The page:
The stage could not be more set for UMass’ Tre Mitchell to take over the A10 in his sophomore season.
It’s a shame that the A10 tournament was cancelled, and the season cut short, because the Minutemen were peaking at the perfect time. Especially Mitchell. Let’s take a look at his monthly splits.
November: 11.6 PPG/6.6 REB/1.3 AST
December: 17.6 PPG/5 REB/2.4 AST
January: 18.4 PPG/6.6 REB/2.1 AST
February: 20.3 PPG/8.8 REB/1.6 AST
March: 29.0 PPG/10.5 REB/3 AST
It’s clear that Mitchell became more comfortable and more dominant as the season went on. Mitchell and the Minutemen’s ceiling will only get higher next season, with more experience under their belt and a better supporting cast.
The only thing separating Mitchell from Obi Toppin and the rest of the First Team All-A10 was winning. If you put Obi Toppin and Tre Mitchell’s 2019-20 per-game statistics side by side, they’re not that different.
Obi Toppin: 20.0 PPG/7.5 REB/2.2 AST/1.0 STL/1.2 BLK
Tre Mitchell: 17.7 PPG/7.2 REB/1.9 AST/1.0 STL/1.0 BLK
Toppin was a more consistent shooter, though, shooting 63.3% to Mitchell’s 48.1%.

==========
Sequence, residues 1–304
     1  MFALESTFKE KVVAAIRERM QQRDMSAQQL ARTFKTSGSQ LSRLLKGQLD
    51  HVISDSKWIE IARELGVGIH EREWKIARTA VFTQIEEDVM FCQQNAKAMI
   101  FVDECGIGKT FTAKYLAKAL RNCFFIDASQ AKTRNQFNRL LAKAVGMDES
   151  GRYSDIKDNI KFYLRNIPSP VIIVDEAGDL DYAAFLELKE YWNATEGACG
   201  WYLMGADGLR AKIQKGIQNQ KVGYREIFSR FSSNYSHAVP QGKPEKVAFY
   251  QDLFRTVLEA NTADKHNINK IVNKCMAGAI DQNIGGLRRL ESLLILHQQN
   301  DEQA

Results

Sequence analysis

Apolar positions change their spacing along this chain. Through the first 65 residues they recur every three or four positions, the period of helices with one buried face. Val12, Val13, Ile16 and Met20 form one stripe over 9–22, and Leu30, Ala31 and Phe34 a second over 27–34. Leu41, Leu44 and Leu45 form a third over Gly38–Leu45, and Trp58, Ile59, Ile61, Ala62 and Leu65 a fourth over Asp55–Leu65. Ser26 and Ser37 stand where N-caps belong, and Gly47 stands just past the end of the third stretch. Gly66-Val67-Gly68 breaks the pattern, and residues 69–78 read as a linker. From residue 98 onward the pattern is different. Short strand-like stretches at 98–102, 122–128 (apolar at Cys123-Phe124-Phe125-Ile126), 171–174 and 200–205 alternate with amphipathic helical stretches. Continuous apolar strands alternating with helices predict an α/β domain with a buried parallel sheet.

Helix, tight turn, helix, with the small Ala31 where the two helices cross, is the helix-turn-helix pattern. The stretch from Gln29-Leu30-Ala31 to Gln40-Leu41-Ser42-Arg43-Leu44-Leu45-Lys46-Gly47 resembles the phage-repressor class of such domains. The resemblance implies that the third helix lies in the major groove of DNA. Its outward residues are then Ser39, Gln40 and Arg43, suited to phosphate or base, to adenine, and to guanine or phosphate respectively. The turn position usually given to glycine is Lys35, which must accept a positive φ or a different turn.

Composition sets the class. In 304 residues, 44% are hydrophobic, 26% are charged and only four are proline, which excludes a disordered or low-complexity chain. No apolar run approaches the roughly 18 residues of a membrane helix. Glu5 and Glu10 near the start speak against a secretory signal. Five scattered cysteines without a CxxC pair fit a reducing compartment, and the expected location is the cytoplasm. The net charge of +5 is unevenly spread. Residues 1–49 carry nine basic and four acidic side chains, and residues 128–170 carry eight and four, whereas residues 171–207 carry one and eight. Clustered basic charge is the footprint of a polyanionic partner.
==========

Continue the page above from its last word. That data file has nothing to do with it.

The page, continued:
Here’s the thing. Toppin deserved A10 Player of the Year last year. He was the best player in the conference on a top team in the nation. No question. But Tre Mitchell was snubbed from the First Team All-A10.
At a minimum, Mitchell had a better season than Fatts Russell, Jacob Gilyard, and Kyle Lofton. The only thing they have on Mitchell is win share and team success. Mitchell had a better field goal percentage and more rebounds than all of them, and more points per game than Gilyard and Lofton. Team success was the only thing holding Mitchell back, but that’s about to change.
With a healthy TJ Weeks and John Buggs, a full season of Dibaji Walker, and the additions of Javohn Garcia and Noah Fernandes, the Minutemen have the best roster they’ve had in recent memory. Mitchell has a great supporting cast around him in order to reach his full potential next season and dominate the A10.